50 years of nursing education

Long before the school of nursing was established in the 1960s, the roots of the program began to take shape under the William R. Davies administration of the 1940s. Before the creation of the nursing program at what was thenthe Wisconsin State College at Eau Claire, local education for prospective nurses took place at Luther Hospital.  In 1953, a new opportunity was offered to these nursing students: For the first time, college courses — such as microbiology and anatomy — designed specifically for nurses were offered at WSC-EC.  The following year, a proper program for nursing students began to take shape, when the first year of their education would take place solely at the college.  This arrangement would last for over a decade.

In 1964, changes were taking place at the college.  Along with an official change of name — to Wisconsin State University at Eau Claire — and the new modernistic figure of the L. E. Phillips Science Hall spanning Little Niagara Creek, the Board of Regents also gave their seal of approval for a School of Nursing at WSU-EC in November of that year.  Marguerite Coffman, who had helped conduct an investigation into the viability of a potential nursing school, became its first dean, and its first location was a space in Schofield Hall that had previously been occupied by the biology department.  Twenty-three sophomores were admitted to the School of Nursing the following fall.  Seventeen of those students were awarded the program’s first baccalaureate degrees in 1968, the same year that construction began on the new nursing building nestled against the backdrop of Putnam Park.  By the time the facility was dedicated in 1970, enrollment had skyrocketed to more than 200 students, with 27 faculty members.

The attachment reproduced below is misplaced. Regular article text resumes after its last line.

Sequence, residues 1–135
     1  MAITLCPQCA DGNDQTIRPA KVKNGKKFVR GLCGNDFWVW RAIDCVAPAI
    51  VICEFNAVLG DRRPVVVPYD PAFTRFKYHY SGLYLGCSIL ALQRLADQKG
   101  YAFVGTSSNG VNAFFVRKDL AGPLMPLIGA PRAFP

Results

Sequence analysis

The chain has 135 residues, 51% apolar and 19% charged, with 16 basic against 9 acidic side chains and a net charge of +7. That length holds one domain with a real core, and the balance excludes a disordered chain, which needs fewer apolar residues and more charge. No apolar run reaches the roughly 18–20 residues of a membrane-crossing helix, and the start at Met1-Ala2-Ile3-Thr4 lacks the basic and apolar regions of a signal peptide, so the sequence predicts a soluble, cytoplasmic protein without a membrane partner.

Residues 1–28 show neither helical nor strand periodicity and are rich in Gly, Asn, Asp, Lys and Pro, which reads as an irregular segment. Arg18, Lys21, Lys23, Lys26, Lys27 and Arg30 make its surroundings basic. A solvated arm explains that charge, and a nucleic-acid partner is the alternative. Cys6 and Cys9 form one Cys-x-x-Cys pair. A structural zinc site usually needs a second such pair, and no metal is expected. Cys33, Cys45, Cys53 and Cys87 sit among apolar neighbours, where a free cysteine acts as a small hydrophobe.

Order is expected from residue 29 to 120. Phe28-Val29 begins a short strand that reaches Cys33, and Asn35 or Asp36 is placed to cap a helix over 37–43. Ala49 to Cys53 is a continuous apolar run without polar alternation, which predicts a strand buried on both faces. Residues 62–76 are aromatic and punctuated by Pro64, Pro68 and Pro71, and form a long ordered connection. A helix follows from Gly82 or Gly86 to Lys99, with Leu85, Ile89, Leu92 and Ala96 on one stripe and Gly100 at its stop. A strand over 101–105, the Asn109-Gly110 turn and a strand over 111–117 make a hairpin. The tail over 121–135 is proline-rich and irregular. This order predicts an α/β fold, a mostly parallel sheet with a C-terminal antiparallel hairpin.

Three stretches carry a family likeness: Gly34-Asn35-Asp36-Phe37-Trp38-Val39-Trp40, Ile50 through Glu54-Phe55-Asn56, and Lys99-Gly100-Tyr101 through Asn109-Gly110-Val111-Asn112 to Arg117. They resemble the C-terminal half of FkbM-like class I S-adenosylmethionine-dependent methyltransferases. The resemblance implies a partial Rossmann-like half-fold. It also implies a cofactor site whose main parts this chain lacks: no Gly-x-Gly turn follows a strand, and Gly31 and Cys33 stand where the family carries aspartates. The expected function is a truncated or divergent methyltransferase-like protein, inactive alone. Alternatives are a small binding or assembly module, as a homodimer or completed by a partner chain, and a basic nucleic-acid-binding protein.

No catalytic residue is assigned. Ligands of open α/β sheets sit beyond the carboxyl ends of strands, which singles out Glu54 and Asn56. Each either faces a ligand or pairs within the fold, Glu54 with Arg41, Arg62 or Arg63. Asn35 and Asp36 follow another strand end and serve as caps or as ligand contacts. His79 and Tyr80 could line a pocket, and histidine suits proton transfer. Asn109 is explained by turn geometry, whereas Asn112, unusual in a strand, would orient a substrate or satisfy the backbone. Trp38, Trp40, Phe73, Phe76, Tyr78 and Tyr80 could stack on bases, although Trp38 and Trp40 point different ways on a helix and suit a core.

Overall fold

The College of Nursing and Health Sciences has become one of the University of Wisconsin-Eau Claire’s defining characteristics, featuring state-of-the-art facilities, educational opportunities with local health care providers, and a doctor of nursing practice degree program.  As the only public university in this region to offer a baccalaureate degree in nursing, it is home to more than 800 undergraduate and graduate students. 

See a collection of historical images below. Scroll arrows on right and left.